- not distracting, such as clothing with subtle colors and small accessories
- similar to or slightly more formal than the clothing worn by employees
- limited in self expression
- focused on the face
- comfortable and boosts confidence
- up-dated, but not too trendy
- wouldn’t interfere with performing tasks
Initially, two female models modeled clothing: one dressed professionally and the other, unprofessionally (Figure 1). Using the guidelines, participants discussed why the models were dressed appropriately or inappropriately for a job interview.
Figure 1: Example of inappropriate dress (left) and appropriate dress (right) for a job interview.
To address appropriate workplace dress once hired, the “wardrobing” concept was presented. This included three female and two male models wearing outfits composed of interchangeable separates. A range of appropriate workplace dress was presented from a formal suit to casual khakis and a dress shirt. The outfits presented reinforced dress guidelines. Each set cost approximately $250. Outfits were purchased at moderate-priced retailers, such as JC Penney and Kohl’s, to maintain quality and a low cost. Each participant received a packet with copies of Microsoft PowerPoint slides, and information sheets about fabric properties and further resources.
Evaluation of the program
Pre- and post-seminar questionnaires were distributed. Both questionnaires included items addressing each guideline presented during the seminar. Participants ranked importance of the guidelines to them when dressing for a job interview using a 7-point Likert scale. The pre- and post responses were compared using a paired sample t-test. Comparisons indicated that after the seminar, participants thought that the guidelines were more important to consider when dressing for a job interview. Participants noted they were more knowledgeable about dressing for a job interview and the “wardrobing” concept. Participants indicated that they would plan job interview attire more carefully (Table 1).
Table 1. Correlations between pre- and post-program responses
|Survey guidelines||Items||Dress reason||DF||SIG|
|Identified the degree
of importance of
each of the following
when preparing for
a job interview
|The design of the accessories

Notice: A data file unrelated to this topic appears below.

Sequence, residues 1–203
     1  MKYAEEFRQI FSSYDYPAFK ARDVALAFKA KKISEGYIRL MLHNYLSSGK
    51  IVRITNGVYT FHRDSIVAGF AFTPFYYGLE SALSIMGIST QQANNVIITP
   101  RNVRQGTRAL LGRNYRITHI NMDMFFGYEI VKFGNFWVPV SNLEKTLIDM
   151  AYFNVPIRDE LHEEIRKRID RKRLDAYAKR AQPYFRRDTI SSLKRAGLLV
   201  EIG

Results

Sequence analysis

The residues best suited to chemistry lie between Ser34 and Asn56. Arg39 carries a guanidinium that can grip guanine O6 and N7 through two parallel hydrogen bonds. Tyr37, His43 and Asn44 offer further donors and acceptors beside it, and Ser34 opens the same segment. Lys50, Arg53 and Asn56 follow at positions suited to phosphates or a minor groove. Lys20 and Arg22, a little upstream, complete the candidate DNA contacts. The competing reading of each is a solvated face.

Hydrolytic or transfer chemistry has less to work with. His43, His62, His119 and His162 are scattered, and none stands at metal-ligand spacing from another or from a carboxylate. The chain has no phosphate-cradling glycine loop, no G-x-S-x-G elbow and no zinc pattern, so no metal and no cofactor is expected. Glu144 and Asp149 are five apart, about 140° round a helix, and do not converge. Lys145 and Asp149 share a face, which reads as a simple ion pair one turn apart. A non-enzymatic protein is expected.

and fabric prints
|How the people at the place
where I would like to work dress
to a group
|How well the clothing and
to a group
|How well the clothing
emphasizes my face,
rather than my body
|How well the clothing and
|How up-to-date I will look||To look
|The tasks performed
at an interview
|Identified the degree
of agreement with
the following statements
|My level of knowledge about
dressing for a job interview
|For my next job interview I will
plan what I am going to wear
|I am very familiar with
the concept of “wardrobing”
* P < .05
Written comments by participants indicated that the program was educational and fun. One participant said, “I enjoyed the seminar, and I feel that I am more educated now than I was about ‘wardrobing.'” Critical comments provided insight into improvements for the program and effectively speaking to low-income groups. One participant indicated that the outfits cost more than his monthly income. Adding dress examples from discount retailers, and a list of resources for free clothing and other appearance products would strengthen the program.
After the first seminar, WorkOne staff said that the presenters needed to note that these guidelines were not rigid rules that only low-income groups needed to follow. In support of staff suggestions, a participant described the guidelines as “arguments” and commented that the presenters “needed to develop arguments for rebuttals.” Such comments were avoided during the second seminar where presenters noted that the guidelines were inspired by recent confusion in society about dressing appropriately at work. Presenters also said that there is opportunity for individual interpretation in the guidelines.
The program, including the participant information packet, seminar script, and clothing, was donated to WorkOne for further use. This program was timely. It was featured in the local press and several other groups asked to hear the program (Koch 2004). The program provided university professionals with an opportunity to learn about working with low-income-individuals by collaborating with an organization that helps this population. It also provided convenient access to information to low-income groups in a small town, which will help them acquire and maintain employment. Further applications of this program include giving clothing and makeovers to participants. The program could be expanded to other rural areas. The program could be broadened to lifestyle lessons that incorporate topics related to other family and consumer sciences disciplines, such as eating healthfully to enhance work productivity while maintaining a budget.
Diana Saiki, Ph.D., Assistant Professor
Ball State University
Department of Family and Consumer Sciences
150 AT Building
Muncie, IN 47304